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May 25, 2005
Species Reclaimed

Woodworkers of the future — rejoice!

The American chestnut, prized for its timber and its crop of glossy dark nuts, once dominated Eastern forests from Maine to Georgia. The graceful trees were virtually wiped out by blight starting at the turn of the 20th century.

That loss, Case said, "was the greatest environmental disaster in the Western Hemisphere since the Ice Age."

Now, after years of breeding, cloning and crossbreeding, the U.S. Department of Agriculture is ready to reintroduce disease-resistant chestnuts to Eastern forests next year.

Chestnut is one of the all-time great hardwoods; it is, along with woods like cherry and walnut, one of the classic American hardwoods. Ever since the blight finished wiping out the native species, however, woodworkers who have wanted to use it have had to rely on reclaimed stock or imported varieties. That isn't likely to change much for the next 20 years or so, but nevertheless, this is a very good development, a long time coming.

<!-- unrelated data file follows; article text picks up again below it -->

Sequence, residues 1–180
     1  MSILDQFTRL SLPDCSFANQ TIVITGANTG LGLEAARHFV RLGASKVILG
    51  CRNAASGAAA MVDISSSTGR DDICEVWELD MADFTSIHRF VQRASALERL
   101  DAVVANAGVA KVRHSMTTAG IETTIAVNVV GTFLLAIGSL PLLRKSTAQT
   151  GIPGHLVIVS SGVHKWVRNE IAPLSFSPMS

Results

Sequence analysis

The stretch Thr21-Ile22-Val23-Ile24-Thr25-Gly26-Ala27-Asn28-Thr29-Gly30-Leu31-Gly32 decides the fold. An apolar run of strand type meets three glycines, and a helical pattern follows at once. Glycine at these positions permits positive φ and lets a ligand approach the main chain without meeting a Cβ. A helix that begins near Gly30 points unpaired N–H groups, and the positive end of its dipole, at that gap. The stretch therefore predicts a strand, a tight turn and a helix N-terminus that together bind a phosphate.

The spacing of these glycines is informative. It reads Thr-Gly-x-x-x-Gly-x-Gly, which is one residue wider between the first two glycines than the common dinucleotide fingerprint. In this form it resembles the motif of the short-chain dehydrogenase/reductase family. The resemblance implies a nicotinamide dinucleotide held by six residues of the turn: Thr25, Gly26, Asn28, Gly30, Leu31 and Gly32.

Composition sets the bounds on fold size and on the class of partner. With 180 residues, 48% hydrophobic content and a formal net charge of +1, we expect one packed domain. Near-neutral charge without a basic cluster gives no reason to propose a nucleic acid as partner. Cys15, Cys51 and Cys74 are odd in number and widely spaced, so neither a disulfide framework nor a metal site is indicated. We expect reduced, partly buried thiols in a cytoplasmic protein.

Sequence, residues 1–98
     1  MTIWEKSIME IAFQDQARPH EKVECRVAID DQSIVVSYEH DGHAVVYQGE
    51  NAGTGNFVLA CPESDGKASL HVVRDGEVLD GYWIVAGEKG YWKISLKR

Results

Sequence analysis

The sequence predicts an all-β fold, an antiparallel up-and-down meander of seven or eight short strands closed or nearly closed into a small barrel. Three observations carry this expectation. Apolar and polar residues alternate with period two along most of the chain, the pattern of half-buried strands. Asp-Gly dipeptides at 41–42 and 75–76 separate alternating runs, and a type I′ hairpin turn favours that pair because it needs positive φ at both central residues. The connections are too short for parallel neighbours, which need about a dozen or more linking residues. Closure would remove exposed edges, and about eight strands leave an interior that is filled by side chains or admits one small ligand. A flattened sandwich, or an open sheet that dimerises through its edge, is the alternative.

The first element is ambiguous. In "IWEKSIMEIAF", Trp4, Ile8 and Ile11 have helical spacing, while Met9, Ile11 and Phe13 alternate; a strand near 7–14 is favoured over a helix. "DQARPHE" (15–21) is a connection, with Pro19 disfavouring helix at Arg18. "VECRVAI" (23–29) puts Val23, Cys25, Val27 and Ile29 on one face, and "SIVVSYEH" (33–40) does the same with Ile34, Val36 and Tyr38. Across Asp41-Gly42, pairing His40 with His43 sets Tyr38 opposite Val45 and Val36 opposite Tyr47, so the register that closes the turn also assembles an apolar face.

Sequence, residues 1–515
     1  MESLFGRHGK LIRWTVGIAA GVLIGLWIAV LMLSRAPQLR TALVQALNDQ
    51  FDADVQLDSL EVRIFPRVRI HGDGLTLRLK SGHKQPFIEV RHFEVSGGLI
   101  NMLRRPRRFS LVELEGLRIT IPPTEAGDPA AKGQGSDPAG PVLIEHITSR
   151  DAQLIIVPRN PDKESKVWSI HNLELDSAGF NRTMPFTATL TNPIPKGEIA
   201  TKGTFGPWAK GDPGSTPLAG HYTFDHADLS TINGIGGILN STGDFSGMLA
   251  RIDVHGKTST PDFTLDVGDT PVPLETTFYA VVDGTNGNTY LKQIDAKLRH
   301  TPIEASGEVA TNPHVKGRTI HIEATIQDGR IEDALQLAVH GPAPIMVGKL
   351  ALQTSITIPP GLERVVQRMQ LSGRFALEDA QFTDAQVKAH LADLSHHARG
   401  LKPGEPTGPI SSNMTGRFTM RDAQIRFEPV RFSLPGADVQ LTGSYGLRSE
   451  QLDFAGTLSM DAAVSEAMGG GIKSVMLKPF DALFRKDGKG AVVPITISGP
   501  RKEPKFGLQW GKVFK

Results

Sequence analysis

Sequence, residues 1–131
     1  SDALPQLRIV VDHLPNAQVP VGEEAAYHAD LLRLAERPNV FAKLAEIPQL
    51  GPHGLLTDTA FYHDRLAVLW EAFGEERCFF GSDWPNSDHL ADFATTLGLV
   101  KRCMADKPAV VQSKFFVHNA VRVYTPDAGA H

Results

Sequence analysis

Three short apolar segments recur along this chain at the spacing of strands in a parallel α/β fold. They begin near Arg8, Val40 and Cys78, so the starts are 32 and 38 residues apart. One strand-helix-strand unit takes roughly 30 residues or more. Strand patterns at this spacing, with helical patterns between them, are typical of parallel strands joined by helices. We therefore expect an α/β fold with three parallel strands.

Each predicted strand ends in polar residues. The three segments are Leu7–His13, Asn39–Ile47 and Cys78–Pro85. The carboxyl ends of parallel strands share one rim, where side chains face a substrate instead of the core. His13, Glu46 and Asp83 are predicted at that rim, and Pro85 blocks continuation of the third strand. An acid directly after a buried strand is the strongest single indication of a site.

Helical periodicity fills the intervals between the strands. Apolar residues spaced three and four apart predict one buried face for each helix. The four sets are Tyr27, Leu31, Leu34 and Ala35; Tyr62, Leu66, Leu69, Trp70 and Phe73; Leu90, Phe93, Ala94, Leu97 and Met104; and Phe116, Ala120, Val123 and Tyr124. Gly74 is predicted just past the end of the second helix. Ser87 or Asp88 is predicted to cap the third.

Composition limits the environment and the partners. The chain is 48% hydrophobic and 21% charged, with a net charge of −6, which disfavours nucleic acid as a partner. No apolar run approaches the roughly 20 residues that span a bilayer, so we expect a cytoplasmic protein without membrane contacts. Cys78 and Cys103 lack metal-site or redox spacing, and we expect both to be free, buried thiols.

Chestnuts roasting on an open fire... I've always wanted to try a hot chestnut. Now, someday I'll be able to.

[Link via Instapundit.]

Posted by Russ at 10:03 AM, May 25, 2005 in Woodworking

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I had roasted chestnuts once in, of all places, Japan (they're quite popular there). Tasted terrible. Go fig.

Posted by: Beck at May 25, 2005 08:25 PM

That's because they weren't American chestnuts. :-)

Posted by: Russ at May 25, 2005 08:50 PM